Competition strengthens German rail sector

7 April 2015  •  Author(s): Burkhard Bastisch, Managing Director, NWL

Competition strengthens German rail sector

Since access to the German rail market was open to all rail operators, competition for services has strengthened the railway’s ability to compete with other modes of transport. Burkhard Bastisch, Managing Director of NWL – the transport authority for the Westphalia-Lippe region – explains NWL’s responsibilities and policies and how it is organised in a decentralised manner, plus information about the Rhine-Ruhr-Express (RRX) – one of Germany’s biggest regional transport projects and among the most important mobility and infrastructure projects in North Rhine-Westphalia.

There are major differences between the railway scene and competitive landscape of Germany and those of other European countries. Up until the late-1990s, the national government was solely responsible for the organisation of regional transport in Germany. The 16 federal states have now had responsibility over this for two decades. Some states carry out this task themselves through subsidiaries, others have local government-run joint boards or transport associations. A total of 27 different organisations have since then been involved in planning, commissioning and organising local passenger rail transport in Germany. The organising authorities play a key role in the comm issioning of local passenger rail services. Through competitive contract processes (tenders), the organising authorities for local rail award contracts to rail operating companies for the provision of local transport services for a set term and in accordance with defined quality and performance criteria. As a result, approximately 64 different rail operating companies were competing with the Deutsche Bahn (DB AG, German Railway) in 2012, and about 24.1% of all transport services were provided by non-DB companies. The devolution and regionalisation of local passenger transport occurred in 1995/1996 and provided a considerable boost to competition. As a result, access to the market was open to all rail operators to an equal extent, and on the basis of fair conditions. There is a regulatory authority to ensure this, as well as a rail law, which provides for effective regulatory instruments.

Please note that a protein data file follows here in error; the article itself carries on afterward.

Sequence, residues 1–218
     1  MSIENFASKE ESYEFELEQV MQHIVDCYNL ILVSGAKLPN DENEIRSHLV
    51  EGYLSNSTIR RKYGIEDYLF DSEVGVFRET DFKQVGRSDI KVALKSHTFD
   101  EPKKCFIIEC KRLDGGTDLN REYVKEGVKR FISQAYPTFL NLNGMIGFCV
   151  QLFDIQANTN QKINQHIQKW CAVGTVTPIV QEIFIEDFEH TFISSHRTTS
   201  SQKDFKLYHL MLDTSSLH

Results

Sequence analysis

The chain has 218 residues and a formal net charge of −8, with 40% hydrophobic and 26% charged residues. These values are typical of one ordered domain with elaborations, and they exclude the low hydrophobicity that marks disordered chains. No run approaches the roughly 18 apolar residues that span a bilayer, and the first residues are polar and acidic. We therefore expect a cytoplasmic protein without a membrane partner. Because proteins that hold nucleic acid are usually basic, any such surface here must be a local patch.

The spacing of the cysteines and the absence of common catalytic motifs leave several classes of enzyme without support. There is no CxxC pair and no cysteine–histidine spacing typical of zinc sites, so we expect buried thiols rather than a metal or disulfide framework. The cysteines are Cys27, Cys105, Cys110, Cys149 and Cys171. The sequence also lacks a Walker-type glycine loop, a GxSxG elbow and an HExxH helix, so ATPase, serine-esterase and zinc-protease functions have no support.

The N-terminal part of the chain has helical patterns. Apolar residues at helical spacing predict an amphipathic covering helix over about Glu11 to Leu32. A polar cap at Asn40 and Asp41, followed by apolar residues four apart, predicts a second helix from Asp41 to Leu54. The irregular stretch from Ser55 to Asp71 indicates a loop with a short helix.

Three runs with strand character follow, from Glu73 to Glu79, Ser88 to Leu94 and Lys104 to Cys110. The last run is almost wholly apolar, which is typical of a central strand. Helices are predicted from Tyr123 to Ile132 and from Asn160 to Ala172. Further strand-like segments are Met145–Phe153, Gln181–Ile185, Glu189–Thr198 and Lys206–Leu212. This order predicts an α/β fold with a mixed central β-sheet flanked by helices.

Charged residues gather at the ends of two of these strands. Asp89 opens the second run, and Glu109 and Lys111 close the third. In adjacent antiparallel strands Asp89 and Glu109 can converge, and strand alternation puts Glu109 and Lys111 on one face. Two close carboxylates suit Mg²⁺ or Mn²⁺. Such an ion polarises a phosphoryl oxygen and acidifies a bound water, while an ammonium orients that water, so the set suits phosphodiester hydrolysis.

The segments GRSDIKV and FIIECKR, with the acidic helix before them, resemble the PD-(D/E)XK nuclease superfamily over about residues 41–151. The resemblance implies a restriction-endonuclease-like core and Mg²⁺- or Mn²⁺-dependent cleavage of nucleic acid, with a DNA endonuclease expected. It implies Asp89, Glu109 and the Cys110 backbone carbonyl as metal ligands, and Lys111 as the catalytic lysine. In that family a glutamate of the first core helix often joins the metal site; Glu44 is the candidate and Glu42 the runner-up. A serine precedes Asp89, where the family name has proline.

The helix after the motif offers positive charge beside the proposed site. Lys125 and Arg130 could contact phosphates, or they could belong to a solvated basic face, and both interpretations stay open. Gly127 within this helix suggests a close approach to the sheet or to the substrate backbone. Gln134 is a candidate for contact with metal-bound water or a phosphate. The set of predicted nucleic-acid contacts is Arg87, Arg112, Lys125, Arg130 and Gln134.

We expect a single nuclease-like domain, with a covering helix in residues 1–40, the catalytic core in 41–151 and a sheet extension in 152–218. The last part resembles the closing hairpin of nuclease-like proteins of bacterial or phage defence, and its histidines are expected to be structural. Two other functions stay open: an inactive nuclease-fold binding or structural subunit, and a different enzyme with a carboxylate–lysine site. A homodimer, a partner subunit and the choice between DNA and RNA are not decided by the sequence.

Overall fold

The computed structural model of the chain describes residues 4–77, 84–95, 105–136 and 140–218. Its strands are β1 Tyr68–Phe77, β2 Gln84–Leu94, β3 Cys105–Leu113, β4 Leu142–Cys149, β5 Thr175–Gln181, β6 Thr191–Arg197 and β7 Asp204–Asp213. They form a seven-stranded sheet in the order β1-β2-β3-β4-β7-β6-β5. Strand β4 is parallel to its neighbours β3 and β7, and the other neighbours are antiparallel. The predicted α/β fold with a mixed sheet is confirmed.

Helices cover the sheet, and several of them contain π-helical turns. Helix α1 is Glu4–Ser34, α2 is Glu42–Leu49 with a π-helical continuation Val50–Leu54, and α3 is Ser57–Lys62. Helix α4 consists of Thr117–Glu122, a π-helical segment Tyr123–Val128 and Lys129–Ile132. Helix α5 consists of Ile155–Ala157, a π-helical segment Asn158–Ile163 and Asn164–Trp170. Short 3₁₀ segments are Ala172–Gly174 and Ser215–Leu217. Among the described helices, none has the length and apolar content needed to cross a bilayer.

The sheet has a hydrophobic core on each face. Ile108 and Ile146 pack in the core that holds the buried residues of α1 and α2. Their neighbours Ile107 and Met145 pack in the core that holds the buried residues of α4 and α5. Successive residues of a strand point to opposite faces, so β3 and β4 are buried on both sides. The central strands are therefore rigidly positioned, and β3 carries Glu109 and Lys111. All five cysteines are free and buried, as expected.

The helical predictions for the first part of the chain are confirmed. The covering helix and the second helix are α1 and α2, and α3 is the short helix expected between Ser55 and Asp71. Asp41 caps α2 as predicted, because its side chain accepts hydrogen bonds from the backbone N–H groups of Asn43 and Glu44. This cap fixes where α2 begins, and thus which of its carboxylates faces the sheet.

Overall, competition means better and additionally optimised services in return for a balanced allocation of resources, resulting in a growth in passenger numbers, and strengthens the railway’s ability to compete with other modes of transport.

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